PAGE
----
But, given that she'd been living out of motel rooms smaller than what she had was enough to make her grateful. It was small, but it was hers. On top of that it came furnished. The furnishings were all brand new and pretty nice, to be honest. She opened her wallet and saw that she still had about five hundred pounds. She nodded and left the apartment to find a place to eat.
It was just starting to darken when she hit the streets. She moved off, not really sure where she was heading. “Seems to be a pattern.” Faith said to herself as she walked.
She passed a park that had seen it's better days and shook her head. It reminded her of the parks in Boston when she was a little girl. Broken swingsets, dilapidated big toys and a host of splintered and fragmented picnic tables. “Some things never change.” She said, shaking her head. She stuffed her hands into her pockets and continued walking.
She caught sight of a group a boys moving away from the park laughing and carrying on. “Oh, look. Accidents waiting and looking for a place to happen.” She said, chuckling. They paid her no mind as they went.
She walked on finding a narrow alley to her right. Two boys, one large and fairly meaty, the other skinny and looking a bit on the scruffy side walked along in front of her. She could hear their conversation, but paid it no attention as she moved along quietly behind them.
Suddenly, the hair on the back of her neck stood on end. The world around her seemed to grow darker. The boys shouted something, but she was looking around, desperate to find the reason for her slayer senses going into overdrive.
“C-cut it out! Stop doing it! I'll h-hit you, I swear I will!” Faith heard the larger of the two boys snap.
“Dudley, shut —” The smaller boy began. He didn't finish the statement before the one he called Dudley laid him out. Faith had to give the big guy credit. He had one hell of a swing. She could already tell that he'd had some training in fisticuffs.
Even though the slighter boy was leveled, he was quick to recover. “You moron, Dudley!” He shouted. He immediately began scrabbling around on the ground for something he must have dropped.
Faith decided that she'd been a spectator long enough. She ran forward, the slayer in her taking over and causing her to need to save the pair of, what she believed were innocent young boys.
“Dudley, come back! You're running right at it!” The boy on the ground shouted.
Faith was nearly to them when a horrible squealing yell sounded out in the night. She'd never heard anything like it and it chilled her to the bone. She could barely see in the blackness. But she did make out a shape in the shadows, coming closer.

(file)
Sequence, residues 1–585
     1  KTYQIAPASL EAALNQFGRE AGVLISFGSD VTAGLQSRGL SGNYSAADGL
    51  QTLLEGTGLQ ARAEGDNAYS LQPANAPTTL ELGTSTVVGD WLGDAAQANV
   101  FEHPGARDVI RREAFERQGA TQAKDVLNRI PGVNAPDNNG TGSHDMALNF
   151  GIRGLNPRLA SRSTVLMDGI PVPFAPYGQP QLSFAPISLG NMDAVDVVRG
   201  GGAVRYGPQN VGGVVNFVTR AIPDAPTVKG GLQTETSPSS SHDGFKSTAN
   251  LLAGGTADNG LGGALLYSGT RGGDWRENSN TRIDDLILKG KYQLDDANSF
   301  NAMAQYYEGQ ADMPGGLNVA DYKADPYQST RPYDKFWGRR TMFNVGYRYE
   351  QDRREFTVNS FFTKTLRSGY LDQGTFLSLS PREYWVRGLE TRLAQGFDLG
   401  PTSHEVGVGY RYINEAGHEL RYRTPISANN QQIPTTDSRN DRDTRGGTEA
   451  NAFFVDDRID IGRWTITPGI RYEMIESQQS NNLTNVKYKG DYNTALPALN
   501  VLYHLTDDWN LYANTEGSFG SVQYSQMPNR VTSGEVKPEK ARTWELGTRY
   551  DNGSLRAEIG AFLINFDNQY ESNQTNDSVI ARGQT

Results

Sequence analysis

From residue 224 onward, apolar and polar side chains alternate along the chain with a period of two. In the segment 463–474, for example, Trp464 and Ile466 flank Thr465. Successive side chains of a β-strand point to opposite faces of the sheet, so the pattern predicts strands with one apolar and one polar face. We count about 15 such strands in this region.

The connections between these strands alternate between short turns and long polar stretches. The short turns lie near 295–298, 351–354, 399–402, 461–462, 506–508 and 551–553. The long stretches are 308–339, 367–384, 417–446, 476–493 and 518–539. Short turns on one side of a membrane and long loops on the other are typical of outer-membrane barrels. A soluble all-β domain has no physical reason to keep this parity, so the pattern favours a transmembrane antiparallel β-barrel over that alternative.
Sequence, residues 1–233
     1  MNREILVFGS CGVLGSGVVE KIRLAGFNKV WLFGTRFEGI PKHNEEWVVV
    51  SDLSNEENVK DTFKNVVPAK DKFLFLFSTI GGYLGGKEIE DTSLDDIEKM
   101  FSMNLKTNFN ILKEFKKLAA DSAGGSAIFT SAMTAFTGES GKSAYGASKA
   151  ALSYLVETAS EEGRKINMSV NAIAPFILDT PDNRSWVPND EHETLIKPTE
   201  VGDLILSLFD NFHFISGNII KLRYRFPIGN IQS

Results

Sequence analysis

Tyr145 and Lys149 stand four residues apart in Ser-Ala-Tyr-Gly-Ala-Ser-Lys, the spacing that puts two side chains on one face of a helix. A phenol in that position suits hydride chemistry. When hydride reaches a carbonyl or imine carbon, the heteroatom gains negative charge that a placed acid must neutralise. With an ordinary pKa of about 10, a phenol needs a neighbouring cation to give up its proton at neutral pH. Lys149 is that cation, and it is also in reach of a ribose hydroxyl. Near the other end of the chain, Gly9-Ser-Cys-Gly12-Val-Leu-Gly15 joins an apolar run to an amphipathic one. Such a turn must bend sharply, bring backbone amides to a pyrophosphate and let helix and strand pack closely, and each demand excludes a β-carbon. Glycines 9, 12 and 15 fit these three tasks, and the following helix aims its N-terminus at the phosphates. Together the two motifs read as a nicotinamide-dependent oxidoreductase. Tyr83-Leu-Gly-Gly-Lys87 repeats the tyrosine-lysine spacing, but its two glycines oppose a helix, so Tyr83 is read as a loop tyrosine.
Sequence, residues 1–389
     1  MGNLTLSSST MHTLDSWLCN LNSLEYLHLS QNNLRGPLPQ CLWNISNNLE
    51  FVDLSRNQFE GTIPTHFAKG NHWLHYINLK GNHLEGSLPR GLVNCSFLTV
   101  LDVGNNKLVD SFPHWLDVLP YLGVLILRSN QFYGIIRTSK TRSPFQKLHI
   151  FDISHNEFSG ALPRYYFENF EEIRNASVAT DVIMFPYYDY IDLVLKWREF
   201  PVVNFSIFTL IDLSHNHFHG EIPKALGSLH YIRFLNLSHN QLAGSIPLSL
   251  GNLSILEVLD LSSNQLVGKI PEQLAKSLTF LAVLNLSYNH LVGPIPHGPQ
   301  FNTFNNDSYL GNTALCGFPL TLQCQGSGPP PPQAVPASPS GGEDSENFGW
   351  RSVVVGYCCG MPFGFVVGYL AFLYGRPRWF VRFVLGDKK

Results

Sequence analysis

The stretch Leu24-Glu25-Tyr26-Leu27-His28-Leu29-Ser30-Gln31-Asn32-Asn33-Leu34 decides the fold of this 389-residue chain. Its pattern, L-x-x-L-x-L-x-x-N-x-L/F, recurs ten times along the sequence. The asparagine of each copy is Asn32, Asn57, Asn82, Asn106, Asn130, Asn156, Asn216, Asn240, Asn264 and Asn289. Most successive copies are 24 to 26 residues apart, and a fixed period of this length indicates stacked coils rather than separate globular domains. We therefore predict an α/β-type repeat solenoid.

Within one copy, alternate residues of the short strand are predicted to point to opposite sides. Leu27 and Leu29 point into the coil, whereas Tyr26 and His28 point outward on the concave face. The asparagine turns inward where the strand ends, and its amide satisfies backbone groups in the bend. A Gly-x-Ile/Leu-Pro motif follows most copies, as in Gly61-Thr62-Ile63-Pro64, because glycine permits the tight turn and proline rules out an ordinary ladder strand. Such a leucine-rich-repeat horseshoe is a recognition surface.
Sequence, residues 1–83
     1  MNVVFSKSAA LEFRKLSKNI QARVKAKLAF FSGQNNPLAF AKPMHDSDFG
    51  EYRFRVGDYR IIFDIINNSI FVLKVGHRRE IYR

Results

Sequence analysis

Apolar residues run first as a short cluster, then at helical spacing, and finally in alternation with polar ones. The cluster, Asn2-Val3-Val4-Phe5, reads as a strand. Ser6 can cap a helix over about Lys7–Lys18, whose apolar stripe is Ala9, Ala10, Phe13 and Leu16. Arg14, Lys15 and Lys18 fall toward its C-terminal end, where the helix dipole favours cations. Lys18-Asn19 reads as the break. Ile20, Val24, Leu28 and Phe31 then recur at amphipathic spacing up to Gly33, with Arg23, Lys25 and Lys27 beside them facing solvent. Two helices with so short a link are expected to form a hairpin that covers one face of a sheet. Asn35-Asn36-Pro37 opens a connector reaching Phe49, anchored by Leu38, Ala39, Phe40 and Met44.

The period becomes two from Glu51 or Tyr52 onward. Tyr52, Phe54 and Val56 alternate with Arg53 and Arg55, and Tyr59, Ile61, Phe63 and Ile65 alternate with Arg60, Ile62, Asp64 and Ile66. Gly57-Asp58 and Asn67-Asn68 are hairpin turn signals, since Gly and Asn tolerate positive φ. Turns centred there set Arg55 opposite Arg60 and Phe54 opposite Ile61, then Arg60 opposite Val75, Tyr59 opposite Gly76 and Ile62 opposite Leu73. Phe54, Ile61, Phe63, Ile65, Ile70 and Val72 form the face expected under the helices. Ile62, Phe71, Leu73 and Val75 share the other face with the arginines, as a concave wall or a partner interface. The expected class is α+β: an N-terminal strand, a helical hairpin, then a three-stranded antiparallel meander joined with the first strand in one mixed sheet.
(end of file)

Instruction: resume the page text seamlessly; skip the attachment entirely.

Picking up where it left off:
“Dudley, keep your mouth shut!” The boy screamed. “Whatever you do, keep your mouth shut! Wand!” He was franticly searching for something.
Faith looked around on the ground and slid to a stop when she saw the long narrow stick a few inches from the boy's hand. “Here.” She said, lifting it and pressing it into his fist. “You got your stick, now come on.” She looked back at the figure. “We gotta get outta here.”
The boy shot to his feet. “Lumos!” He shouted. The end of his stick lit up brightly.
Faith had to turn away from the sudden brightness. “Fuck!” She said, stumbling away and rubbing her eyes. “Warn a chick next time.”
He whirled, ignoring her and shoved his wand forward. “Expecto Patronum!” He shouted intently. He was moving away from the wraith now, trying to put distance between them. What looked like a silver fog shot from the tip of the wand. The ghostly figure slowed, but continued on.
Faith wasn't sure what was supposed to happen, but it didn't look like it was going well. She snarled and rushed the figure as the boy staggered back.
“No!” The boy cried out, but it was too late. The slayer was already in motion.
For the first time in his life, he saw something he'd never seen before…or something he never thought was even possible. The girl lunged at the Dementor, and tackled it's filmy body to the ground. The creature let out a horrendous shriek as the pair went down.
“Just fuckin' die!” Faith screamed, slamming her fist down into the hooded face. She wasn't sure what lay beneath the black flowing cloak and at the moment, she really didn't give a damn. The body beneath her felt soft, almost as if it wasn't real. But she knew that whatever the thing was, it was feeling the world of pain she was putting it through.
“Harry? What's going on?” Dudley asked from his place across the alley. He still had his eyes closed and was gripping the fence like a lifeline.
The second Dementor heard the boy and raced toward him. Harry, heartened by the girl's aid, stepped forward. “Expecto Patronum!” His voice carried a fair bit more confidence. The girl had shown him that the Dementors weren't as terrifying as he had initially thought. A gossamer white stag sprang from his wand. The Dementor was upon Dudley when the enormous stag ran it down, it's tremendous antlers gouging the creature through the chest. The great animal flung the limp form of the Dementor into the air. The wraith immediately flew away to seek refuge in the dark of night.